CENTRAL PARK — For years, Maria Davis kept her AIDS diagnosis secret.
Davis, a Harlem resident who carved out an important role in the New York hip-hop world as a promoter, cultivated the early start of Jay Z — and appeared on his debut album — and has also worked with other artists, such as P Diddy and 50 Cent.
But, back in 1995, after applying for a life insurance policy, she discovered she was HIV positive and in 1998 when it transitioned to AIDS she was afraid to go public.
“I didn’t know anyone with HIV other than Magic Johnson and Eazy-E — who went into the hospital and eventually died — so I thought, what’s going to happen to me?” Davis said. “I couldn’t tell Puffy because they were calling it ‘The Monster’ back then. I had all of the naysayers.”
But, after her health later improved she said she vowed to tell everyone.
“That was my ‘God moment,’ when I made a pact with God that if you make my health better I got the biggest mouth in the world and I can be very influential in getting the word out,” she said.
Her outspokenness, she said, is the key to educate the community on HIV prevention and testing, which is why Davis is leading a group, in partnership with Harlem’s First Corinthian Baptist Church, taking part in the AIDS Walk May 15,
The walk, she said, is another way for her to inform the community and reduce the shame that still surrounds the disease. The event will also offer free and confidential HIV testing and additional health screenings.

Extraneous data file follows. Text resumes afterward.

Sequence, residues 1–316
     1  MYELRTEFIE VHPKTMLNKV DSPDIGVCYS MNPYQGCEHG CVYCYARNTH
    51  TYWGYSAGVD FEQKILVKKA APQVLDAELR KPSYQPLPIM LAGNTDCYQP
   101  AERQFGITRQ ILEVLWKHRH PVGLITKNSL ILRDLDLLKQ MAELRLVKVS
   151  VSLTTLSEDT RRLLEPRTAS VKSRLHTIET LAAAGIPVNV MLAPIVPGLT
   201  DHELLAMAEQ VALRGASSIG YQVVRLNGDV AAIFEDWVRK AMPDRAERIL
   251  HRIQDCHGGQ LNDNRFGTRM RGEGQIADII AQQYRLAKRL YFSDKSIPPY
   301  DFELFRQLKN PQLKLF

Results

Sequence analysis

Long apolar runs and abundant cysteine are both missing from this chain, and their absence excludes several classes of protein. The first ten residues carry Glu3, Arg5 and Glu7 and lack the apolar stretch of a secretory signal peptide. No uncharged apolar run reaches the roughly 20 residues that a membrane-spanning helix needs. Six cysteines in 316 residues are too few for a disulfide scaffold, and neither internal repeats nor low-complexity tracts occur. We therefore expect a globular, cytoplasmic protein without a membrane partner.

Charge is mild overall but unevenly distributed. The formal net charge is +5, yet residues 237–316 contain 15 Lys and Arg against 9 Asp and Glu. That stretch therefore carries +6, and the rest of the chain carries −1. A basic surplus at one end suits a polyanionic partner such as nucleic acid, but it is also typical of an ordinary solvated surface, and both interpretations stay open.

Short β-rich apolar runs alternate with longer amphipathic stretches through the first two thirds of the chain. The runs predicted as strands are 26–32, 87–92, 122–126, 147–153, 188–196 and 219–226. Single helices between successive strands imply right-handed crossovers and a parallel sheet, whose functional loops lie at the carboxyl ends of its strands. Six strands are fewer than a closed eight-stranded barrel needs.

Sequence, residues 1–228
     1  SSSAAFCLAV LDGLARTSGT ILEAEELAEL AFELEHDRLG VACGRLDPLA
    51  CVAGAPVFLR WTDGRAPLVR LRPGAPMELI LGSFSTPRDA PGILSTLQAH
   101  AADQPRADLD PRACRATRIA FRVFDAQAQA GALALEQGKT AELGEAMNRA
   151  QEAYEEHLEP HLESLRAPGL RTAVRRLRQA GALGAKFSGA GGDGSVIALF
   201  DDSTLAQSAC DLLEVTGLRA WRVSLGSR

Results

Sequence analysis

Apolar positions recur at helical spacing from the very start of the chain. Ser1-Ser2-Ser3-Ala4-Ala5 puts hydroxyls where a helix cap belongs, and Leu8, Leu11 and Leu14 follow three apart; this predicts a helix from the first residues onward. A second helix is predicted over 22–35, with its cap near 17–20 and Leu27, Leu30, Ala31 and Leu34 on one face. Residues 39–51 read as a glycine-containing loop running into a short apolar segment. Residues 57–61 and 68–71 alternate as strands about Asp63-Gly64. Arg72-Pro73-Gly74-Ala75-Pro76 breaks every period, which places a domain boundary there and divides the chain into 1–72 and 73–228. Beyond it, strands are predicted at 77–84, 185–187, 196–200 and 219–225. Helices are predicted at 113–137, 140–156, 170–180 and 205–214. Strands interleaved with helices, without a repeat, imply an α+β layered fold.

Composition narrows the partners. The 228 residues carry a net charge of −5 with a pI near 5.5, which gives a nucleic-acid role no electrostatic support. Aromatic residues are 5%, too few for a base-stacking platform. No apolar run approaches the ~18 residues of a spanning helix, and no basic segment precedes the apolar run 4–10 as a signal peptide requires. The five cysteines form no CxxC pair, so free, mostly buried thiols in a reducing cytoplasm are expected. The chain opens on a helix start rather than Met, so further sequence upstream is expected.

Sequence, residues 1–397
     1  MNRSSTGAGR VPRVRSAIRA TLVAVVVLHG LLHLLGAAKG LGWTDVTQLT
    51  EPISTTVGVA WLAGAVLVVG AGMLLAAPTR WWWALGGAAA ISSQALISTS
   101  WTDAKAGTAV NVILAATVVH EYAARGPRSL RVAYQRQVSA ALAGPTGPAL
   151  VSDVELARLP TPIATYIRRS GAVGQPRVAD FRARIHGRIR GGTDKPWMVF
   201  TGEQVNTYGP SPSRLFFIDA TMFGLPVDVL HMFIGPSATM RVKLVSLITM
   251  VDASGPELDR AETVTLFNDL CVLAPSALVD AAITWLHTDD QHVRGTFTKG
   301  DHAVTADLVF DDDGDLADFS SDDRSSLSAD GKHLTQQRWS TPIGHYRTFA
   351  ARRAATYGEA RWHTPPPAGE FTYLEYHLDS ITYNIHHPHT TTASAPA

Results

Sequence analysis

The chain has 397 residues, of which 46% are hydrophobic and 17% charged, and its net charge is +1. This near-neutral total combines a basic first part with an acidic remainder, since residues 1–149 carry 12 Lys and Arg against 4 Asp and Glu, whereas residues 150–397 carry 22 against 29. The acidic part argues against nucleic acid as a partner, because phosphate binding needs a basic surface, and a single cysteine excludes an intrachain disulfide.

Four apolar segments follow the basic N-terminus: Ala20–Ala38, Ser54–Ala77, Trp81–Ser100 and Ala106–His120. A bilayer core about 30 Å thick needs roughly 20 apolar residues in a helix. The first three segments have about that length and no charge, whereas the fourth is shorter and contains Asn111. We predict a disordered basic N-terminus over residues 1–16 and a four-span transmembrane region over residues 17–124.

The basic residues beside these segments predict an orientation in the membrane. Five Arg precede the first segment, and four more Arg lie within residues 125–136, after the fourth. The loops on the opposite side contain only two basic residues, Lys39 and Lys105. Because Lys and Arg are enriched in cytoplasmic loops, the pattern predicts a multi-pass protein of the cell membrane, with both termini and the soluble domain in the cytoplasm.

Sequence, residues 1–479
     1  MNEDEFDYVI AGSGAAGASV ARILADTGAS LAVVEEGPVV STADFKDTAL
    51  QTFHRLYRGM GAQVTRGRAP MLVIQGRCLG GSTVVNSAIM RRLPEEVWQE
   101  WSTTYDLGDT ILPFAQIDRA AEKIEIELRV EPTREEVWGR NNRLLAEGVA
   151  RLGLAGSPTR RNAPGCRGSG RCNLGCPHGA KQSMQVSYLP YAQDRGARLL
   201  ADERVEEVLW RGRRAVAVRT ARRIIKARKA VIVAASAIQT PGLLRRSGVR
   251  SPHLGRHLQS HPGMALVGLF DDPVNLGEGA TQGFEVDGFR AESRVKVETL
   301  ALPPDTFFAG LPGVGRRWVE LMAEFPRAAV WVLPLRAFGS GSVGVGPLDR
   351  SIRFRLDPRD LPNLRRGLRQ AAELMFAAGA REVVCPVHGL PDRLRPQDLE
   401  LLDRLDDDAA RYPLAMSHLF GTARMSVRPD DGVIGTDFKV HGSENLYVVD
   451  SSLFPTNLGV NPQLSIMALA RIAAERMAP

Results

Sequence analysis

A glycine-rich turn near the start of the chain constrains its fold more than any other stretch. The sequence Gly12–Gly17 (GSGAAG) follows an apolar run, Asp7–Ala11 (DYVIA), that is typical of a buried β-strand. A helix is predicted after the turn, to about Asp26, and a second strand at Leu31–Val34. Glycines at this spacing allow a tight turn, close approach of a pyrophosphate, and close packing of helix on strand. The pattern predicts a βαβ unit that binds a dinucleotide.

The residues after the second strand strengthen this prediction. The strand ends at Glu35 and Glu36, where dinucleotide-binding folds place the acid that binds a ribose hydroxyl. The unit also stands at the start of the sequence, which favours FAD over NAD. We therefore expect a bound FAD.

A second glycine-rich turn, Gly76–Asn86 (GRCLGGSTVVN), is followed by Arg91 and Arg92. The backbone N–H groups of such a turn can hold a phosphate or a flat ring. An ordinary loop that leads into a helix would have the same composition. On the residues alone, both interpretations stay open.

Roughly 100 walkers are registered to walk with Davis at this weekend's AIDS Walk NYC which is expected to bring 30,000 people to Central Park.
“People are still walking around and don’t know they’re HIV positive because there’s still the stigma,” she said.
Davis joined First Corinthian Baptist Church in 2006 and has grew into a role as its HIV prevention czar, with the blessing of the church’s Rev. Michael A. Walrond, Jr.
Embedded within the progressive church is Davis’ HIV ministry, which started in 2006 when she joined the church. The ministry, she said, is a movement and also an educational vehicle to remove the still prevalent stigma of HIV and AIDS in the African American community.
About 44 percent of estimated new HIV diagnoses in the country were among African Americans, who comprise just 12 percent of the population, according to 2014 statistics from the CDC — the most recent available.
“When I first came there they didn’t have an HIV ministry and he allowed me to develop HIV programs and he gave range to do what I wanted,” Davis said.
Since then the church has grown exponentially from roughly 300 members a decade ago to well over 10,000 currently and has given Davis a unique platform.
“I tell people I’m living with AIDS, but you don’t have to, you have to get educated and you have to have a conversation,” she said.
The AIDS Walk begins at 9 a.m. Sunday, May 15 at Rumsey Platfield (Gold Area) in Central Park on East 72nd Street.